Men of the U.S. 1st Infantry Division wade “into the jaws of death,” on D-Day, 72 years ago…
* * * *
World leaders and other dignitaries flew into Normandy to pay tribute to the real VIPs – the veterans themselves – whilst the global media descended on the region in huge numbers as they do every five years.
That article was affiliated with “the UK’s only museum” dedicated to the D-Day Landings,” near the “Southsea Castle in Portsmouth,” England. It included the picture at right, of last year’s “Canopies Over Normandy (#DDay71).” In that “jump:”
British airborne veteran Jock Hutton (89) and American veteran Jim “Pee Wee” Martin (93) both returned to the skies above Normandy. At different ends of the invasion area, both veterans bravely made tandem parachute jumps into the countryside into which they dropped 70 years before.
Closer to home, see D-Day in the United States – Time and Date. That site noted that throughout America, museums and war memorials “host exhibitions featuring photos and film as a tribute to soldiers who were part of the Normandy landings. D-Day memorials and ceremonies are also held to remember these soldiers.” The article also noted that the invasion of Normandy was “one of history’s most significant military attacks.”
I first wrote about the commemoration – and “covenant renewal” – in On D-Day and confession, in 2014. That post compared the kind of “de-briefing” that American fliers got – after their missions – with the concepts of “sin” and “repentance.” But the goal back then was not to make people feel guilty. (As some seem to imply.) Instead they were and are “tools to help us get closer to the target ‘next time out,’ even if we know we can never become ‘perfect.'”
Then came On the DORs for June 6, 2015. (Which included the image at left.) That post noted that June 6, 2015 was a “red letter day, and not just because it’s been 71 years since the best-known D-Day.” And from the Daily Office Readings for that day, I came up with the idea that those 40 years of wandering in the wilderness were a kind of “boot camp.”
(Of the kind necessary for the armed forces to succeed in their mission, 72 years ago…)
That idea was based on Deuteronomy 29, which was both a commemoration – like our remembering D-Day – and a “renewal of the covenant.”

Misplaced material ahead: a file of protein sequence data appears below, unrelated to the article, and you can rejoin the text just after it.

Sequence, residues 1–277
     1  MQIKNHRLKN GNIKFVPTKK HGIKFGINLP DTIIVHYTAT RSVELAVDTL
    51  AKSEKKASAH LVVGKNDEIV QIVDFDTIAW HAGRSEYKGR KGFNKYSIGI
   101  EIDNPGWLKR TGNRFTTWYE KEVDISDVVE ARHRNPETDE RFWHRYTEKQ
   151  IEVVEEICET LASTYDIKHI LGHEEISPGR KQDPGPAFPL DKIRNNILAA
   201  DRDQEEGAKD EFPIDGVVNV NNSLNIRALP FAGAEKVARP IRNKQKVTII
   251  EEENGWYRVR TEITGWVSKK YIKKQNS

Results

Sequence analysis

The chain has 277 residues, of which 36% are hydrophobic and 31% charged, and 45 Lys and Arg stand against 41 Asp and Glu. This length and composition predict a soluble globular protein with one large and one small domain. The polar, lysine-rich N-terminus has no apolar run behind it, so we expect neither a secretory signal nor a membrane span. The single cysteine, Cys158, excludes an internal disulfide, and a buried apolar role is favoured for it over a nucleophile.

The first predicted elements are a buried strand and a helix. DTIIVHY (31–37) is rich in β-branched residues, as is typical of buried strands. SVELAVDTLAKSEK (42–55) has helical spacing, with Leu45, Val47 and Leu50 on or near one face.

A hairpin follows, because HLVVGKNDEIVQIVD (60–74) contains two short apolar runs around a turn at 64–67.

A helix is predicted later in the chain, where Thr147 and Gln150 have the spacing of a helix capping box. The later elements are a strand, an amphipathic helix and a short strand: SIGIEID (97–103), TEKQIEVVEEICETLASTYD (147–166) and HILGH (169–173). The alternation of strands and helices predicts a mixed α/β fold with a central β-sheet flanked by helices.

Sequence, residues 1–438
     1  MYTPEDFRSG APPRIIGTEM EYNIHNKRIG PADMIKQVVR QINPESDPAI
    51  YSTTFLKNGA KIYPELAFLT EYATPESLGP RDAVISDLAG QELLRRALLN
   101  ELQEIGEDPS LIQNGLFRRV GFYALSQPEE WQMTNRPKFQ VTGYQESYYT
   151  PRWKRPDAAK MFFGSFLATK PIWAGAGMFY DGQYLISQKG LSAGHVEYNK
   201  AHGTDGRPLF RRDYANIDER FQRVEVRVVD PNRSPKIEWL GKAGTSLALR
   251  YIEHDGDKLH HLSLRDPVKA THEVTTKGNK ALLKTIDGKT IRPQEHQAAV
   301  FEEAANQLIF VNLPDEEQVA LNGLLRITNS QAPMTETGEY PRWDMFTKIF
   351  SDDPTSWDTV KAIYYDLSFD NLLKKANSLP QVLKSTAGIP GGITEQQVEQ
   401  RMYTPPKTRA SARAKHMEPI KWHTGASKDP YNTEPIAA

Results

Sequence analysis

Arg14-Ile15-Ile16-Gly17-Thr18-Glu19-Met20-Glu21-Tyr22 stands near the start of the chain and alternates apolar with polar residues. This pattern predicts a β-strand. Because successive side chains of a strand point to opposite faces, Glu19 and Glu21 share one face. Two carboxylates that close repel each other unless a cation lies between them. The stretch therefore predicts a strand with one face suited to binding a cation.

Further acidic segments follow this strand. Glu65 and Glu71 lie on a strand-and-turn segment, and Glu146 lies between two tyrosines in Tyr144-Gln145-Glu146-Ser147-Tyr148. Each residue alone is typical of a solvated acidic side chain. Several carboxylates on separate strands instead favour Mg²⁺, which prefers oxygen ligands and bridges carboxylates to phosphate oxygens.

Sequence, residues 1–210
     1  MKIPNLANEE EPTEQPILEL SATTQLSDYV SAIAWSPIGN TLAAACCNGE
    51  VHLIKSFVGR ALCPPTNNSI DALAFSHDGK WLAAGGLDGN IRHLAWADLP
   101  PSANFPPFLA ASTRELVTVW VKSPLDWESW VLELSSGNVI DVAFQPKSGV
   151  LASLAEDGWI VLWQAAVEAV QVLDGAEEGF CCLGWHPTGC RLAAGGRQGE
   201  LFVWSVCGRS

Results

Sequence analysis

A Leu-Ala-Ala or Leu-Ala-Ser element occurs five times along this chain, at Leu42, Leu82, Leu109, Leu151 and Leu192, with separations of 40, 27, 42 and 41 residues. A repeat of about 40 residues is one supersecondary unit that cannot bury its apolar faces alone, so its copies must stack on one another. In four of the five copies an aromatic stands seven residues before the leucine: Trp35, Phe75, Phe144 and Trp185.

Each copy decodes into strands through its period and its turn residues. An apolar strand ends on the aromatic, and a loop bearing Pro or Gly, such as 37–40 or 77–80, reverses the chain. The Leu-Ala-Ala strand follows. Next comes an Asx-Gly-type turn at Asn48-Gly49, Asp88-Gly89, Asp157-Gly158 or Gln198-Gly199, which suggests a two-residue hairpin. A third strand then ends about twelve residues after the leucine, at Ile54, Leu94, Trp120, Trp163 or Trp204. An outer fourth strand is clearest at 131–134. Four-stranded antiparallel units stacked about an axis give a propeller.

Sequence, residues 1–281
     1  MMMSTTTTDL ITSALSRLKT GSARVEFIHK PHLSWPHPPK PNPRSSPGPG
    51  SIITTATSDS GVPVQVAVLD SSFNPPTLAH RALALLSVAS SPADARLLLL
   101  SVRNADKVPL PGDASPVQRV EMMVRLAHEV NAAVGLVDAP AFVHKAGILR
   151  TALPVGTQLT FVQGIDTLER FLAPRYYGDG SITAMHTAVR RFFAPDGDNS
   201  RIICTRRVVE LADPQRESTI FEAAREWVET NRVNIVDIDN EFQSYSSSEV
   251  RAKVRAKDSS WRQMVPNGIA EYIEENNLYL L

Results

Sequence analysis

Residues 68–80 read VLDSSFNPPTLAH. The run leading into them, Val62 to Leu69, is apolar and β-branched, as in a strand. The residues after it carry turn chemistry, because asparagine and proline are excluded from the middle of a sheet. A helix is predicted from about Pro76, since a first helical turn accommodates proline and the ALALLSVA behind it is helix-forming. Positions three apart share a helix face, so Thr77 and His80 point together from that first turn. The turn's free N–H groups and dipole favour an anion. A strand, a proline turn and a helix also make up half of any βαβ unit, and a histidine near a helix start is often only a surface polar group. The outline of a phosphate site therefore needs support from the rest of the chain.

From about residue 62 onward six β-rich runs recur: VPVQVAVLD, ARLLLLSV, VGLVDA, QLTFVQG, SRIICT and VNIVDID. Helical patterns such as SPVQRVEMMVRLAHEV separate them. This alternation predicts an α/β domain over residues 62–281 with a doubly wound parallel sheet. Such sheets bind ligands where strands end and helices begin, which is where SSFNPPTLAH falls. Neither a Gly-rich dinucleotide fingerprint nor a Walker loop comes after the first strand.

Which by the way, seems to be another function of such celebrations of such long-ago events.
We “renew the covenant” that led thousands upon thousands of perfectly sane men and women to risk their lives for a cause they believed in. And in that effort, those people who fought those battles 72 years ago succeeded largely because they weren’t “rigid.”
Put another way, this is a day to remember that “independent judgment” – not rigid obedience to a pre-formed set of “rules” – is the key to success in life, and especially the spiritual life:
During World War II, German generals often complained that U.S. forces were unpredictable… After the Normandy invasion in 1944, American troops found that their movements were constrained by the thick hedgerows… In response, “Army soldiers invented a mechanism on the fly that they welded onto the front of a tank to cut through hedgerows…” American troops are famous for this kind of individual initiative. It’s a point of pride among officers that the American way of war emphasizes independent judgment in the fog and friction of battle, rather than obedience and rules. (E.A.)
Which is precisely the kind of Bible study I believe in. And that in turn is “just another way of saying that by reading the Bible with an open mind, you’ll be on your way to the creative judgment that overcomes ‘the fog and friction’ of everyday life.”
On a somewhat related subject, this upcoming June 11th will celebrate St. Barnabus. For more on that, see On St. Barnabus’ Day, 2015. That post spoke of Barnabus, the apostle who was open-minded enough to welcome Paul, formerly an enemy of the early Church.
if it hadn’t been for Barnabas and his willingness to give Paul a second chance – a second chance for the formerly zealous persecutor of the early Church – he might never have become Christianity’s most important early convert, if not the “Founder of Christianity.”
“So we might just call Barnabas ‘the Apostle of Second Chances.’”
* * * *
The upper image is courtesy of Normandy landings – Wikipedia, the free encyclopedia. The caption: “Men of the 16th Infantry Regiment, U.S. 1st Infantry Division wade ashore on Omaha Beach on the morning of 6 June 1944.” Clicking on the picture in the Wikipedia article will lead to the attribution: “File: Into the Jaws of Death 23-0455M edit.jpg.”
The lower image is courtesy of Conversion of Paul the Apostle – Wikipedia. The caption: “The Conversion of Saint Paul, a 1600 painting by the Italian artist Caravaggio.” See also What happened on the road to Damascus? That site noted: “The events that happened on the road to Damascus relate not only to the apostle Paul, whose dramatic conversion occurred there, but they also provide a clear picture of the conversion of all people.” (E.A.)